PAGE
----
to the aldehyde in dilute aqueous acid or base. sulfur(IV) compound with a lone
pair of electrons—the HOMO—
O stir together in ice bath HO SO3 Na on the sulfur atom, but the
+ NaHSO3 crystalline solid charge is formally on the more
R H R H electronegative oxygen. As a
dilute acid or base
‘second-row’ element (second
The reversibility of the reaction makes bisulfite compounds useful intermediates in the row of the periodic table, that is)
synthesis of other adducts from aldehydes and ketones. For example, one practical method for sulfur can have more than just
eight electrons—it’s all right to
making cyanohydrins involves bisulfite compounds. The famous practical book ‘Vogel’ sug-
have four, five, or six bonds to S
gests reacting acetone first with sodium bisulfite and then with sodium cyanide to give a good
or P, unlike, say, B or O. Second-
yield (70%) of the cyanohydrin. row elements have d orbitals as
well as s and p so they can
1. NaHSO3
O 2. NaCN HO CN accommodate more electrons.
70% yield
Me Me Me Me

What is happening here? The bisulfite compound forms first, but only as an intermediate on
the route to the cyanohydrin. When the cyanide is added, reversing the formation of the
bisulfite compound provides the single proton necessary to give back the hydroxyl group at
the end of the reaction. No dangerous HCN is released (always a hazard when cyanide ions
and acid are present together).

HO CN
O O
O 1. NaHSO3 Na 2. NaCN
S OH Me Me
O +
Me Me Me Me Na2SO3

O OH O O H
S S
O OH O O O O CN
S O CN
O
Me Me Me Me
Me Me

Other compounds from cyanohydrins


Cyanohydrins can be converted by simple reactions into hydroxyacids or amino alcohols. Here is one example of each,
but you will have to wait until Chapter 10 for the details and the mechanisms of the reactions. Note that one cyanohydrin
was made by the simplest method—simply NaCN and acid—while the other came from the bisulfite route we have
just discussed.

hydroxyacids by hydrolysis of CN in cyanohydrin


O NaCN HO CN HCl HO CO2H

Ph Me HCl, Et2O Ph Me H2O Ph Me

amino alcohols by reduction of CN in cyanohydrin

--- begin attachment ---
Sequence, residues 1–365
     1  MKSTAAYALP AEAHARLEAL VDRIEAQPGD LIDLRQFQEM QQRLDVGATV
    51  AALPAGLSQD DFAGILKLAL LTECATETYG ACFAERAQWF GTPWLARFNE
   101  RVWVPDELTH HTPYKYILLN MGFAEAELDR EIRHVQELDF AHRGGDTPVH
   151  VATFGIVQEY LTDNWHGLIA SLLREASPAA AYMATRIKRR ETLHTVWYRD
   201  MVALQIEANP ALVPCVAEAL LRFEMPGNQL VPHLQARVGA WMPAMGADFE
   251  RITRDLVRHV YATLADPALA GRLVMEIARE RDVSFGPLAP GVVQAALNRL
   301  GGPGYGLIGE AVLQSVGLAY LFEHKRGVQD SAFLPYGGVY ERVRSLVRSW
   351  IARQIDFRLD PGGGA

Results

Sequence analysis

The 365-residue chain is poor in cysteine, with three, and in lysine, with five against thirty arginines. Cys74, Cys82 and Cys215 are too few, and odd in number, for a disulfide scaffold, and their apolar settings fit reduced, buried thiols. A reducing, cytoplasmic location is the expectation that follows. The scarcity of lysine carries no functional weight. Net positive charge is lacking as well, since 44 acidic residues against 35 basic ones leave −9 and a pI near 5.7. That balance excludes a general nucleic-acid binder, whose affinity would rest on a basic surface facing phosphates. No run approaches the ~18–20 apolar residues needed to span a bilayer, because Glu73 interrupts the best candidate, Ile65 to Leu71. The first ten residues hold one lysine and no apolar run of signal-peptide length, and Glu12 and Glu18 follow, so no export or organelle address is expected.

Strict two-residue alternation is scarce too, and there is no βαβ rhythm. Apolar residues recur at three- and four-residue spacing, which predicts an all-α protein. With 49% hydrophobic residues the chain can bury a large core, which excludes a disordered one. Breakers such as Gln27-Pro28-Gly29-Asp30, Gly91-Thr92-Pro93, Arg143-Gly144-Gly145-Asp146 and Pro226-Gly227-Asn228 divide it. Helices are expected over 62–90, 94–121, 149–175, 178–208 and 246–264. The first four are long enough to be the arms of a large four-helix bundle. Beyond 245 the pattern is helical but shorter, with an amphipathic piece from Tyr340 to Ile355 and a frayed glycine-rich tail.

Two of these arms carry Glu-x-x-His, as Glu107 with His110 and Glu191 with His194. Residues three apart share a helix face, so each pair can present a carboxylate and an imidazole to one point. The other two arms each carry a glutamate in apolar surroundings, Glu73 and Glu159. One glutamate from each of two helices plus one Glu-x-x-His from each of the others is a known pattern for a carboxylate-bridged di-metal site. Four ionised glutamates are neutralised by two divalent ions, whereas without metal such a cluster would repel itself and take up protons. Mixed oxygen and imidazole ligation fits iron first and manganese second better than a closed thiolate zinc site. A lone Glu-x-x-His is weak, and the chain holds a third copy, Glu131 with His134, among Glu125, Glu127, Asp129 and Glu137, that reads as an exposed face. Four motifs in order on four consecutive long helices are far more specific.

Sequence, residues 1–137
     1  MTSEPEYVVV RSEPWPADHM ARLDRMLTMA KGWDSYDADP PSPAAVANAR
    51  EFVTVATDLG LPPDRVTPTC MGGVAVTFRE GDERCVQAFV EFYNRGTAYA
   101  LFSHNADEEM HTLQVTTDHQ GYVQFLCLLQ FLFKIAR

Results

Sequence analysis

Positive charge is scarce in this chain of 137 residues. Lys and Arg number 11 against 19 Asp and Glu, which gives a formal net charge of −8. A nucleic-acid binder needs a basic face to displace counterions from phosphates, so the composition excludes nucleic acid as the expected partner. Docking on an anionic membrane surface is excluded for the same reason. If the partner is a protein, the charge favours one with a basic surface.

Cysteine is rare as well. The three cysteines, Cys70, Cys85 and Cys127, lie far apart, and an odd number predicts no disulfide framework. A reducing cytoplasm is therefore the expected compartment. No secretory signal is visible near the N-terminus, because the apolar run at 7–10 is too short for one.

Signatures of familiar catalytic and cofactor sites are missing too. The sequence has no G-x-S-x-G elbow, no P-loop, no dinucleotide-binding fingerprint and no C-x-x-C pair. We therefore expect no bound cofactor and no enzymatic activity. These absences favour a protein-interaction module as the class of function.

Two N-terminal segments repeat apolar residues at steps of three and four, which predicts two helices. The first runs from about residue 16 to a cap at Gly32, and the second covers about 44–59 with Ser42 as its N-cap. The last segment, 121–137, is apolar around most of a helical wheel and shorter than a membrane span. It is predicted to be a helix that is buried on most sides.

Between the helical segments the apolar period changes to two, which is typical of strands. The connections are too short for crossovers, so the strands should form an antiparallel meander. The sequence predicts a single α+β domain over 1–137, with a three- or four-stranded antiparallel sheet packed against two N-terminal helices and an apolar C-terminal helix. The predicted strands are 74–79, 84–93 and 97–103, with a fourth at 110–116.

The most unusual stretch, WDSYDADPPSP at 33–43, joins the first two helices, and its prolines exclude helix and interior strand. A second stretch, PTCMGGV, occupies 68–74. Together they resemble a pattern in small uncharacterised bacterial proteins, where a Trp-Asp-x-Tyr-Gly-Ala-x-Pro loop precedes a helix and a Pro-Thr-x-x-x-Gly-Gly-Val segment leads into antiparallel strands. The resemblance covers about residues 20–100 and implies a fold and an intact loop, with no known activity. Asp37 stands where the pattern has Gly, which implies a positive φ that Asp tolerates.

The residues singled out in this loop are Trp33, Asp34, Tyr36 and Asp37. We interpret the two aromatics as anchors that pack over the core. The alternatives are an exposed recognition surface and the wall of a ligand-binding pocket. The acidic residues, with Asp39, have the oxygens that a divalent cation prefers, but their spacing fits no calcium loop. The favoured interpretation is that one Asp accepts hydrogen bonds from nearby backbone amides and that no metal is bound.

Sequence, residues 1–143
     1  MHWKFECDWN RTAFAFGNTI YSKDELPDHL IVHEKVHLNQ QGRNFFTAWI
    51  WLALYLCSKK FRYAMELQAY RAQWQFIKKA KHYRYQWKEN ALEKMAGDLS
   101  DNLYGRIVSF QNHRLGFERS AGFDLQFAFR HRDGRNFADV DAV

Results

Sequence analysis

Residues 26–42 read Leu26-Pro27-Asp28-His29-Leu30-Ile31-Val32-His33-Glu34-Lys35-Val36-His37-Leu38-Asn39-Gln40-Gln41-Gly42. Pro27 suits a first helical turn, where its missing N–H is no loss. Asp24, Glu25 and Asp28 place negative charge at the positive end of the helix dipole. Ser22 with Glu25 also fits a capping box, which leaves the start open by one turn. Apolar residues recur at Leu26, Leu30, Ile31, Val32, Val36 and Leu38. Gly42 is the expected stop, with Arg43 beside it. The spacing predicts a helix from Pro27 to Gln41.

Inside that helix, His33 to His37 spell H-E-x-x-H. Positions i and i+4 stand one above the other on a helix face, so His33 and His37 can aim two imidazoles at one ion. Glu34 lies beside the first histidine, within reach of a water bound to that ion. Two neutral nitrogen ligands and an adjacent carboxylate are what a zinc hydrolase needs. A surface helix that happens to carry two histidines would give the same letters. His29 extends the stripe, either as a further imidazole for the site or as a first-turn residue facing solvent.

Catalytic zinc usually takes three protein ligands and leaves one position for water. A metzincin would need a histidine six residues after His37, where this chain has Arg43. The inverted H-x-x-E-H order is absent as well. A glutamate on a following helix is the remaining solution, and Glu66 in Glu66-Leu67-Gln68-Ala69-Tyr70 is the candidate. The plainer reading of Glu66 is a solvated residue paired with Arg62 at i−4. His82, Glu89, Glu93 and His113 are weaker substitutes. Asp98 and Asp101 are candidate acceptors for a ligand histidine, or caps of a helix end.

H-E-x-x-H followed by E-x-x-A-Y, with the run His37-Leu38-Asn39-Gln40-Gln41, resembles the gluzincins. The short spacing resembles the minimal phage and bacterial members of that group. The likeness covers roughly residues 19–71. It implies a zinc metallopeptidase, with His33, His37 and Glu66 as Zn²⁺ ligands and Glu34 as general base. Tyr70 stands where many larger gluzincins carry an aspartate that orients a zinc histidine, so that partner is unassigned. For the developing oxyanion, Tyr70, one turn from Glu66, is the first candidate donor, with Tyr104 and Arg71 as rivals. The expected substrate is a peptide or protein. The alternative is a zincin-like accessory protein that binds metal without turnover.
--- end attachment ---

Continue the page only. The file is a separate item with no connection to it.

O NaHSO3 HO CN LiAlH4 HO NH2


H NaCN, H2O H H

The second reason that bisulfite compounds are useful is that they are soluble in water. Some
small (that is, low molecular weight) aldehydes and ketones are water-soluble—acetone is an
example. But most larger (more than four or so carbon atoms) aldehydes and ketones are not.
140 CHAPTER 6   NUCLEOPHILIC ADDITION TO THE CARBONYL GROUP

This does not usually matter to most chemists as we often want to carry out reactions in
organic solvents rather than water. But it can matter to medicinal chemists, who make com-
pounds that need to be compatible with biological systems. And in one case, the solubility of
bisulfite adduct in water is literally vital.
Dapsone is an antileprosy drug. It is a very effective one too, especially when used in com-
bination with two other drugs in a ‘cocktail’ that can be simply drunk as an aqueous solution
by patients in tropical countries without any special facilities, even in the open air. But there
is a problem! Dapsone is insoluble in water. The solution is to make a bisulfite compound from
it. You may ask how this is possible since dapsone has no aldehyde or ketone—just two amino
groups and a sulfone. The trick is to use the formaldehyde bisulfite compound and exchange
the OH group for one of the amino groups in dapsone.

formaldehyde bisulfite
O O adduct O O
S HO SO3 Na S
Na
H2N NH2 H2N N SO3
H
dapsone: antileprosy drug; insoluble in water water-soluble pro-drug

Now the compound will dissolve in water and release dapsone inside the patient. The details
of this sort of chemistry will come in Chapter 11, when you will meet imines as intermediates.
But at this stage we just want you to appreciate that even the relatively simple chemistry in
this chapter is useful in synthesis, in commerce, and in medicine.

Further reading

Section 1, ‘Nucleophilic addition to the carbonyl group’ in S. For further, more advanced, details of the cassava–HCN problem:
Warren, Chemistry of the Carbonyl Group, Wiley, Chichester, 1974, D. Siritunga, D. Arias-Garzon, W. White, and R. T. Sayre, Plant
and P. Sykes, A Guidebook to Mechanism in Organic Chemistry, 6th Biotechnology Journal, 2004, 2, 37. For details of cyanohydrin
edn, Longman, Harlow, 1986, pp. 203–219. For a more theoretical formation using sodium bisulfite: B. S. Furniss, A. J. Hannaford,
approach, we suggest J. Keeler and P. Wothers, Why Chemical P. W. G. Smith, and A. T. Tatchell, Vogel’s Textbook of Practical
Reactions Happen, OUP, Oxford, 2003, especially pp. 102–106. Organic Chemistry, 5th edn, Longman, Harlow, 1989, pp. 729–730.

Check your understanding

To check that you have mastered the concepts presented in this chapter, attempt the problems that are
available in the book’s Online Resource Centre at http://www.oxfordtextbooks.co.uk/orc/clayden2e/